Wednesday, January 28, 2015

He's different.

 
Every parent has a moment or two in their life that was defining, or changed them somehow. I have a list of things I'll never forget, for those reasons. But, there is one that stands out in my life that completely changed me, both as a person and as a mom.
 
At the time, I had 5 year old and 2.5 year old boys. My 5 year old seemed completely "normal" as far as development, interests, etc. But there was something different about my 2.5 year old. Don't get me wrong, he was the cutest thing on the planet....smiley, happy, sociable, etc, But,he had these crazy obsessions with things that seemed beyond normal.
 
I was taking my boys to Target, and we were getting ready to walk through the automatic double doors, when Brett started to have an absolute melt down because other people were triggering the door to open, and he liked to do it himself. Not only did he like to cause the doors to open, but he liked to stand back and tweak, as we affectionately called it. We had to stand and wait for people to go through, so he'd have an opportunity to stand there and trigger the doors without anyone else doing it before him. Although we'd been through this scenario several times, it was this particular moment where I knew we were dealing with an issue beyond the realm of normal. I remember climbing into the car, and I could feel the tears burning in my eyes. I didn't want to have a kid that was different. It was embarrassing, it was hard to explain, it made me ache for him. Even though he wasn't quite three, I was already picturing a life time of him being teased by people, of having to explain to strangers, and of him not fitting in.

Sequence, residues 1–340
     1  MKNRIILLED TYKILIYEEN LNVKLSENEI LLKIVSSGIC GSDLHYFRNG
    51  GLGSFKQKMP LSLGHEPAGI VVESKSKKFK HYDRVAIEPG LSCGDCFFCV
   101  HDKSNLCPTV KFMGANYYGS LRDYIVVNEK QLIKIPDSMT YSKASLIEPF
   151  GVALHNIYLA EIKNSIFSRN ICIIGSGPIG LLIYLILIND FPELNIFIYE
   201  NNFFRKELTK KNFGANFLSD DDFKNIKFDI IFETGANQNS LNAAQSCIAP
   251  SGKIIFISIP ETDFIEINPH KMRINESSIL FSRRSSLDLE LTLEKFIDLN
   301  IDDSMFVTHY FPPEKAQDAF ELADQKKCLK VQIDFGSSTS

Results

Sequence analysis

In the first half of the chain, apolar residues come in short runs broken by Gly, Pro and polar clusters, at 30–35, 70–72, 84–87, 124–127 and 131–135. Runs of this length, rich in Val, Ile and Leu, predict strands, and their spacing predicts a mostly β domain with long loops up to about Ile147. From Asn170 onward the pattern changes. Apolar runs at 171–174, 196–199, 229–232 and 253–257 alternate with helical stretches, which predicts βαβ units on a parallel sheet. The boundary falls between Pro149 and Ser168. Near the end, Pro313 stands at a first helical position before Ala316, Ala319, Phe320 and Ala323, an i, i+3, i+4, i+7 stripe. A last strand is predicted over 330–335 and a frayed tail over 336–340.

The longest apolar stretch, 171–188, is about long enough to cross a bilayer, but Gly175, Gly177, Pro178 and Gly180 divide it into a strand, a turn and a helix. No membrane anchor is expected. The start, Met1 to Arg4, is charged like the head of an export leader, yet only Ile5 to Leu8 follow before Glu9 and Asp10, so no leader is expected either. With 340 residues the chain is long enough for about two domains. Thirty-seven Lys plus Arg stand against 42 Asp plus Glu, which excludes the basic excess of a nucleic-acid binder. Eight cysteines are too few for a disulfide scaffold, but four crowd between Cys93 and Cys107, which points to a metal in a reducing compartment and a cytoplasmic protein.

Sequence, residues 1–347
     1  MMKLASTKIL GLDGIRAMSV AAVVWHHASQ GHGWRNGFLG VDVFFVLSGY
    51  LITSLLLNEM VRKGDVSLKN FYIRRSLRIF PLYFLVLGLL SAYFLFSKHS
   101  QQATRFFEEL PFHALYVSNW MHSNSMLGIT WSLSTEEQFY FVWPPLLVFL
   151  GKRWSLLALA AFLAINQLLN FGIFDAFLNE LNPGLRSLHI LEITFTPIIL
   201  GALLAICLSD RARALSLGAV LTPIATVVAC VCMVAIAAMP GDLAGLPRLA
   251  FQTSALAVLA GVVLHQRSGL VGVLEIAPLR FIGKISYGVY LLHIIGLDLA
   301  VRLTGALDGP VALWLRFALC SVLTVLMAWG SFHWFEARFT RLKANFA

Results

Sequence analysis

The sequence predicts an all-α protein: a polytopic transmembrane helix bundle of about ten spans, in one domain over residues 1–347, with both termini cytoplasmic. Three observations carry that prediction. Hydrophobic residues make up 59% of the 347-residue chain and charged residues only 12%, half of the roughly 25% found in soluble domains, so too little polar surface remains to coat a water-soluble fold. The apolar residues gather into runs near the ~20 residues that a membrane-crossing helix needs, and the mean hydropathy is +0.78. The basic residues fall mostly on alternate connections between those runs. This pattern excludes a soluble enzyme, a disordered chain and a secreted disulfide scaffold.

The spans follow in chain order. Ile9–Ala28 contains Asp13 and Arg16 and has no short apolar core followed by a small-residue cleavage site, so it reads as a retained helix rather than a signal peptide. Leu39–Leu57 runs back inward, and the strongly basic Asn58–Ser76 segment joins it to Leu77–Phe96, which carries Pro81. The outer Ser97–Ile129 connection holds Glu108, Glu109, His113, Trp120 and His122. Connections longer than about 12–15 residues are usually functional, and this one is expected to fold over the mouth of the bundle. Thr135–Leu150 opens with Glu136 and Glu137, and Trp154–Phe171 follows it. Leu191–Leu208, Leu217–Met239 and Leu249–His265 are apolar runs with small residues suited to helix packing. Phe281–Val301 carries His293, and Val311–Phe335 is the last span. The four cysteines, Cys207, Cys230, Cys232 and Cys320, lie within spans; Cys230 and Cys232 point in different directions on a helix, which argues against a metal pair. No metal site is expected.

As the months went by, these problems escalated and we were dealing with doors, fans, and anything else with a swinging, rocking or shutting motion. Our lives were dramatically impacted because it's all he wanted to do. Once we were at a birthday party at a jumpy house place. You know, where kids love to jump on inflatables. All of them except mine. We spent the entire two hour party, watching him open and shut a door that led to the lobby. Every single second of that party, he opened and shut a door. I knew my kid was different.
 
Finally, I sucked it up and realized that we were going to seek advice, help, whatever we could get. So, I contacted the birth-three program at our local county. They sent someone out to evaluate him and go through a lengthy list of questions. Brett's smile and charm seemed to throw them off from the beginning...typically the kids they are dealing with for issues similar to his, are lacking many of those skills. They were stumped as well. His third birthday was just around the corner, where he'd be eligible for a district developmental preschool program, if he qualified. Oh, I prayed he qualified.
 
After about an hour of being put through many tests, we sat down to meet with the psychologist. It seemed that he was just on the border between qualifying and not. He was extremely bright, but had these "issues" that prohibited him from learning in a typical classroom setting. They agreed to put him in the program and I could not have been more thrilled!